The tug-of-war between secular and religious Israelis continued this week over a new shopping mall near Tel Aviv and an art gallery in northern Israel.
Africa-Israel, one of Israel’s largest developers, caused a stir with its decision to close a new mall on the Sabbath. The mall is being built in Ramat Aviv, north of Tel Aviv.
Observers have linked the decision to the recent purchase of Africa-Israel by business leader Lev Levayev, an observant Jew.
The decision took a number of businesses planning to take space in the new mall by surprise.
Israel Theaters, which plans to operate a movie theater, demanded that it be compensated by the developer for the projected lost weekend incomes. Africa- Israel said in a statement this week that there was no contract with the theater operator about opening on the Sabbath.
The Israeli daily Ha’aretz reported Monday that Africa-Israel had signed a contract with the McDonald’s restaurant chain and had been paid in advance for three months rent.
A six-page addendum, attached to the standard contract, included a clause giving the landlord the authority to determine business hours on Jewish holidays and the Sabbath.
The contract did not specify whether McDonald’s, which has both kosher and non- kosher restaurants in Israel, would be required to sell kosher products in its branch in the new mall.
In a related incident, Amos and Alice Meroz have been opening their art gallery in Zichron Ya’acov on the Sabbath, provoking the anger of a local fervently Orthodox official.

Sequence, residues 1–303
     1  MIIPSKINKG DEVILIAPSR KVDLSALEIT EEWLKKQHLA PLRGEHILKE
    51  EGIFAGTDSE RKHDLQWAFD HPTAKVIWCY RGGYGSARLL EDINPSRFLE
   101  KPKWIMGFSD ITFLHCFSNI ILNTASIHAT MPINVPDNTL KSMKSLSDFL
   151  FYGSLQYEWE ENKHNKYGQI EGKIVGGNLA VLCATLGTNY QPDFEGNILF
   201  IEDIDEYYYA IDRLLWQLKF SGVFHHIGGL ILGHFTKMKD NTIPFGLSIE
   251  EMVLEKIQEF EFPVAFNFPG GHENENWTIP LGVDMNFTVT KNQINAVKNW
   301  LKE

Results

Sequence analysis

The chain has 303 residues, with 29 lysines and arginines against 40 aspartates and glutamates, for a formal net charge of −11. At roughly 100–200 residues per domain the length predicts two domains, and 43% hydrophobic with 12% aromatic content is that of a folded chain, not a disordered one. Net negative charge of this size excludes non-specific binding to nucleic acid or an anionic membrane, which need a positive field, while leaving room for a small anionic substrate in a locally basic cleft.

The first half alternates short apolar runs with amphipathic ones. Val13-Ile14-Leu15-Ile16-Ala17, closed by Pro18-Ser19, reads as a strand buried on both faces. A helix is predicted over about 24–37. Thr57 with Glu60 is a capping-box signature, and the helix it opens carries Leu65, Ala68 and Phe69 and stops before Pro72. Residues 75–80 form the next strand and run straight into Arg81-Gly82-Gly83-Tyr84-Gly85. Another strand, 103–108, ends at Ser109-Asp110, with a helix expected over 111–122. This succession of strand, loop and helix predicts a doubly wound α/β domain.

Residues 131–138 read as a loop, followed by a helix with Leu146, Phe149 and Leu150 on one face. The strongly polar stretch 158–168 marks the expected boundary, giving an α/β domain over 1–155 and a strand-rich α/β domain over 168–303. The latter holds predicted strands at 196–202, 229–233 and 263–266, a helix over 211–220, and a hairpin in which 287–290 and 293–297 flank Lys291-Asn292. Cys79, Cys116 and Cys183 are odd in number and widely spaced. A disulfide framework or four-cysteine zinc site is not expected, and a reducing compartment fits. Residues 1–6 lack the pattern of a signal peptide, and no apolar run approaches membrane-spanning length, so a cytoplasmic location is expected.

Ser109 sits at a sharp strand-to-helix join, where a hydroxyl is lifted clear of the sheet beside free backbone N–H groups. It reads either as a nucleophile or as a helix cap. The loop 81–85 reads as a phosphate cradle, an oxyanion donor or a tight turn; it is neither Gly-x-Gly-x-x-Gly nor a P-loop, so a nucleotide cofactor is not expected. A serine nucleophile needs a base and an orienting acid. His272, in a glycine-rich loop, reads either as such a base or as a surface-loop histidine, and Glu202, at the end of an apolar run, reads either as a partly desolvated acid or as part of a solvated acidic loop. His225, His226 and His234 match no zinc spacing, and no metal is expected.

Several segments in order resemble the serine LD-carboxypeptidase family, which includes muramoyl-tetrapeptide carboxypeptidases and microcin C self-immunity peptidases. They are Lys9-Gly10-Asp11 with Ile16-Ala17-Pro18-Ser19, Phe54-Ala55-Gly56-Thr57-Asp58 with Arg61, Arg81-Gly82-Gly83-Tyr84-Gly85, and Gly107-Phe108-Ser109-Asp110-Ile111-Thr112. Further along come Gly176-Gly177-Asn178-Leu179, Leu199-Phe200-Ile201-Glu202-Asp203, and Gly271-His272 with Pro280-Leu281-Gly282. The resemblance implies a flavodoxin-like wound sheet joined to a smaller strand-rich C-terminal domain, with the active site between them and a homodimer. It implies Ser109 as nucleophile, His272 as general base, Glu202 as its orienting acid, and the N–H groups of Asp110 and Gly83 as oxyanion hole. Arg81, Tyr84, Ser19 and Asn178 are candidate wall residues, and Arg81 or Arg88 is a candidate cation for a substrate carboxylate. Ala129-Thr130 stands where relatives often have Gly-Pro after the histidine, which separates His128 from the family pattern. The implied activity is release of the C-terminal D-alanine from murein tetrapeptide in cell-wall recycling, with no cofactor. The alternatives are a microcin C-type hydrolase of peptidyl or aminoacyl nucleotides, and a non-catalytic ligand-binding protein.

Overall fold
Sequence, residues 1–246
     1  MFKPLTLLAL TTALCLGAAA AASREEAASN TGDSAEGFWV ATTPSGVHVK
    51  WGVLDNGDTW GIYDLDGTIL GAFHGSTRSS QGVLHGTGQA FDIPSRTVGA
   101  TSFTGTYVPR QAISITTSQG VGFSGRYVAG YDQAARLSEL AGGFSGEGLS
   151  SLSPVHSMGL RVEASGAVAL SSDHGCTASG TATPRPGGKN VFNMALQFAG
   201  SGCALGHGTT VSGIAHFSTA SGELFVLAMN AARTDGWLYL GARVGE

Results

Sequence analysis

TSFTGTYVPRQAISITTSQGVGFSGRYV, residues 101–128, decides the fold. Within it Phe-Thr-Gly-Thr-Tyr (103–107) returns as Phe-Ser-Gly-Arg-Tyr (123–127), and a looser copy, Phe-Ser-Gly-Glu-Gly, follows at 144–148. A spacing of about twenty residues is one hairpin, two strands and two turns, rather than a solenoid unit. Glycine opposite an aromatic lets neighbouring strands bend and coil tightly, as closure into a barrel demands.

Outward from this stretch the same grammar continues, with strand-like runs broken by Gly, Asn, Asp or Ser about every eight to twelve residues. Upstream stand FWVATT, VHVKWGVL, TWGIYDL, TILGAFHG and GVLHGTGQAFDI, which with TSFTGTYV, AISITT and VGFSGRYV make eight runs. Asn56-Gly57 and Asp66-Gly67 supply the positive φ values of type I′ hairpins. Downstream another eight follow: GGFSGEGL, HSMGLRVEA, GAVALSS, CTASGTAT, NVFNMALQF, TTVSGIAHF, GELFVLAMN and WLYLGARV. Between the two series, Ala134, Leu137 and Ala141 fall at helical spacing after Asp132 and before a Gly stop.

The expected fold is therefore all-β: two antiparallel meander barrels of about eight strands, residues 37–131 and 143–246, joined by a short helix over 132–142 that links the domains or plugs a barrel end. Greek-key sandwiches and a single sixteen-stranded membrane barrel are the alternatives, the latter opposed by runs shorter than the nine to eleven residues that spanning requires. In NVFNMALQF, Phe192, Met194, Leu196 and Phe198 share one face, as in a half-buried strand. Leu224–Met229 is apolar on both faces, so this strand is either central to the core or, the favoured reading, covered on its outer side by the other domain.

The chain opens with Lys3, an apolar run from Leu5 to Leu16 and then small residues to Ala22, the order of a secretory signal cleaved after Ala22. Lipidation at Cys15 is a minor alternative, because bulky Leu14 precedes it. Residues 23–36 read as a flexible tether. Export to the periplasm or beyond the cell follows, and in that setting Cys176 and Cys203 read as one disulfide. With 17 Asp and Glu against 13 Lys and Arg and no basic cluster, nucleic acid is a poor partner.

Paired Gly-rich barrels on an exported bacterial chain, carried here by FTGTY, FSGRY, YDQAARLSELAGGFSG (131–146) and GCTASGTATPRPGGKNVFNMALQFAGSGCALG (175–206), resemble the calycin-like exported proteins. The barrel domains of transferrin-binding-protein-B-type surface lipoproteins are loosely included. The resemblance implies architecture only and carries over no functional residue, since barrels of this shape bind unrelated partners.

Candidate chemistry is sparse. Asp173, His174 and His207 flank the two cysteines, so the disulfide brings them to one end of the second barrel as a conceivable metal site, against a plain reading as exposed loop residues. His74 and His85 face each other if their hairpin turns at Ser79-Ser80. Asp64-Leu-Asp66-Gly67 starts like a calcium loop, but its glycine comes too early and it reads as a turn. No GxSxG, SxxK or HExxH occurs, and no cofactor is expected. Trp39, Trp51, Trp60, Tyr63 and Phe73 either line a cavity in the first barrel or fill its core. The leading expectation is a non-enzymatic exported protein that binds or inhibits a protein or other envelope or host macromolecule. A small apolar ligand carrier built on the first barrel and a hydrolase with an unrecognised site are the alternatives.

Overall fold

The official responded to what he views as a desecration of the Sabbath by parking a hearse in front of the gallery.
The gallery owners said this failed to dissuade shoppers, who inched past it.
“I should be free to decide what I want to do on this day,” Alice Meroz told Israel Radio.
These disputes come against the backdrop of stepped-up efforts by the Social Affairs and Labor Ministry, now under the control of the fervently Orthodox Shas party, to enforce legislation prohibiting Jewish businesses from operating on the Sabbath.
The ministry regularly dispatches non-Jewish inspectors to slap fines on shop owners who violate the law.
The gallery owners had bypassed the labor law by selling their shop to a Muslim friend every Friday for about $3 and buying it back Saturday night.
Amos Meroz said he got the idea from the religious custom of selling all leavened products to non-Jews in the days before Passover, when Jews are forbidden to eat or own anything that contains leavening.
The Archive of the Jewish Telegraphic Agency includes articles published from 1923 to 2008. Archive stories reflect the journalistic standards and practices of the time they were published.